Estoppel is a legal term that refers to a situation in which a person is prevented from asserting a claim or taking a particular course of action because of their own previous actions or words. The concept of estoppel is often used in the context of contract law, but can also apply in other areas of the law.
The doctrine of estoppel is based on the idea that it is unfair for a person to be able to go back on their word or previous actions. If a person has led another person to believe something, they should not be able to then deny that it is true. Estoppel can therefore be used as a way of preventing someone from going back on their word, or from taking a course of action that is inconsistent with their previous actions.
There are three main types of estoppel: promissory estoppel, equitable estoppel, and judicial estoppel. Promissory estoppel applies where someone has made a promise that they will not be able to go back on. Equitable estoppel applies where someone has taken a particular course of action, and it would be unfair for them to then be able to deny that they took that action. Judicial estoppel applies where someone has taken a particular position in a legal proceeding, and it would be unfair for them to then be able to take a different position in a different legal proceeding.
The concept of estoppel is important in many areas of the law, but is particularly relevant in the context of contract law. In contract law, estoppel can be used to prevent a person from going back on their word, or from taking a course of action that is inconsistent with the terms of the contract. Estoppel can also be used to enforce the terms of a contract, even if those terms are not expressly stated in the contract itself.
Estoppel is a legal doctrine that is used to prevent a person from going back
Does estoppel run against the government?
In the United States, the doctrine of estoppel generally does not apply to the government. This means that the government is not bound by its own prior statements or actions in the same way that a private party would be. There are a few exceptions to this rule, however, such as when the government makes a promise in exchange for consideration, or when the government's prior statements or actions have created a vested right that cannot be taken away. Is estoppel a cause of action? Yes, estoppel is a cause of action. It is an equitable remedy that is used to prevent someone from taking advantage of another person's ignorance or mistake.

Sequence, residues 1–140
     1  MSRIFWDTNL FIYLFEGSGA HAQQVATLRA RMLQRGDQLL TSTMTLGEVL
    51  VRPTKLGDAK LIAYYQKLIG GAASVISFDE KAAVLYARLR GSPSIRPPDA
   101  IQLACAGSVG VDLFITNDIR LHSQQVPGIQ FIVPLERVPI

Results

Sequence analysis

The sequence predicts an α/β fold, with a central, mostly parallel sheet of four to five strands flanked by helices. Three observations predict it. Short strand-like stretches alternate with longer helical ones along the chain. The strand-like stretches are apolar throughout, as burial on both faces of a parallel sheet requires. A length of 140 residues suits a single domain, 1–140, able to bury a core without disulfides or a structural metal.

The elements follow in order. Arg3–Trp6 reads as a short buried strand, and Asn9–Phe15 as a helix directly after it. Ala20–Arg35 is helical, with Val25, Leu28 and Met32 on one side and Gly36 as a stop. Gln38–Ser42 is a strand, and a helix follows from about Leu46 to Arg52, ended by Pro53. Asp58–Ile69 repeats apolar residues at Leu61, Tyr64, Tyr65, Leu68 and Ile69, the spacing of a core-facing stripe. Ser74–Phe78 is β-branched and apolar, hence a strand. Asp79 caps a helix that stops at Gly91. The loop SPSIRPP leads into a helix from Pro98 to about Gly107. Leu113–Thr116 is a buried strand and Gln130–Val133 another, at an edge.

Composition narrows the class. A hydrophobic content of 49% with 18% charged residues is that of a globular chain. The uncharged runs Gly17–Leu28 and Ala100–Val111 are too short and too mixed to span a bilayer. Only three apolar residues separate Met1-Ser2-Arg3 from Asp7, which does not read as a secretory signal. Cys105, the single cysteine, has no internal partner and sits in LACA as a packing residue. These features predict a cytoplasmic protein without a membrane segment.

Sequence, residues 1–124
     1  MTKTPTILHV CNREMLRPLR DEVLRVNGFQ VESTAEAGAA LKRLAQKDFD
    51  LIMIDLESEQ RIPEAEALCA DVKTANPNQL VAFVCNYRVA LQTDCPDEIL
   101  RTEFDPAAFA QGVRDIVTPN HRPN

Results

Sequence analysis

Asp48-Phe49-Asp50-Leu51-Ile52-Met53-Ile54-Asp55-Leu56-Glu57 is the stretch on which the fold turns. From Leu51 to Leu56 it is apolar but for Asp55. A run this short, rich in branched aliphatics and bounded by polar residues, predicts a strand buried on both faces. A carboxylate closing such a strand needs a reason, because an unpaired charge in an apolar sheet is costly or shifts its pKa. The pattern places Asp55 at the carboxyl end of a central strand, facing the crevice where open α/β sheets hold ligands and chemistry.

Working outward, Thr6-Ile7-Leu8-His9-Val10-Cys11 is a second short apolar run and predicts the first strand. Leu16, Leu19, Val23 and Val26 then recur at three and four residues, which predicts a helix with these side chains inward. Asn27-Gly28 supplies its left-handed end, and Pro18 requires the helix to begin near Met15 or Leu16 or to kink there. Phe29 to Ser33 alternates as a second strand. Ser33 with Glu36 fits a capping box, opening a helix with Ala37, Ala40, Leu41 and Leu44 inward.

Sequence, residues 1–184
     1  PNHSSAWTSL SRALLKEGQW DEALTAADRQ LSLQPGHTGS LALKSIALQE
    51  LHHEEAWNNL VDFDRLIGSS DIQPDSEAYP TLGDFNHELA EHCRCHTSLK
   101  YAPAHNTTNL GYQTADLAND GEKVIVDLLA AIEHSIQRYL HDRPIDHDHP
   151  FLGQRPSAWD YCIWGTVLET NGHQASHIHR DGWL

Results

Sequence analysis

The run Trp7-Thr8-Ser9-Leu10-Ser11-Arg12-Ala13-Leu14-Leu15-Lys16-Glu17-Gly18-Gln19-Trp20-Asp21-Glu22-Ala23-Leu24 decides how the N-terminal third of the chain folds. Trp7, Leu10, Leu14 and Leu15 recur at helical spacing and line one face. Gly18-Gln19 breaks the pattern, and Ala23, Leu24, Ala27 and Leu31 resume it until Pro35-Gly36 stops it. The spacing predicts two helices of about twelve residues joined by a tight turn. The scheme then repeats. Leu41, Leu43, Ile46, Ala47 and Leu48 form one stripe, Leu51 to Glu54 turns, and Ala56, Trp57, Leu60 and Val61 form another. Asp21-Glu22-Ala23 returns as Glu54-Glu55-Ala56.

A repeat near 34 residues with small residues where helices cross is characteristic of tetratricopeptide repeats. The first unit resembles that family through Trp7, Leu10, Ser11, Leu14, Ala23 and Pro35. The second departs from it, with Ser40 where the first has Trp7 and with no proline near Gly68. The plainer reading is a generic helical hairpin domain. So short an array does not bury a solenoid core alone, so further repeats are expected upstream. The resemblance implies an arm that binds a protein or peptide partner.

Does estoppel apply in criminal cases?
The doctrine of estoppel generally applies in criminal cases. The government is estopped from prosecuting a defendant if the government has previously taken a position that is contrary to its current position. This can happen if the government has made a promise not to prosecute, or if it has previously decided not to prosecute a similar case. Can the state be estopped? The doctrine of estoppel generally provides that a person cannot deny or be allowed to deny the existence of a certain fact if that person has previously represented that the fact does exist.
The government can be estopped in the same way as any other party - by making a representation that it will not take a certain action, and then taking that action despite the representation.
For example, if the government tells a landowner that it will not build a road through their property, and the landowner reliance on that representation, the government may be estopped from later building the road.
Similarly, if the government tells a taxpayer that they will not be audited, and the taxpayer reliance on that representation, the government may be estopped from later conducting an audit.
In order for the government to be estopped, there must be a showing of reliance on the part of the person who is claiming estoppel.
There must also be a showing of some type of prejudice or harm that would result if the government were not estopped.
The doctrine of estoppel is not generally available against the government in criminal cases.
In order for estoppel to apply in a criminal case, the government would have to make a clear and unequivocal representation that it would not prosecute the defendant, and the defendant would have to show actual and reasonable reliance on that representation. What is an example of an estoppel? In law, estoppel is a principle that may be used to prevent someone from making certain arguments or taking certain actions that are inconsistent with something that has previously been said or done. For example, if a person tells another person that they will not take legal action against them, and the other person relies on that promise, the first person may be estopped from later taking legal action.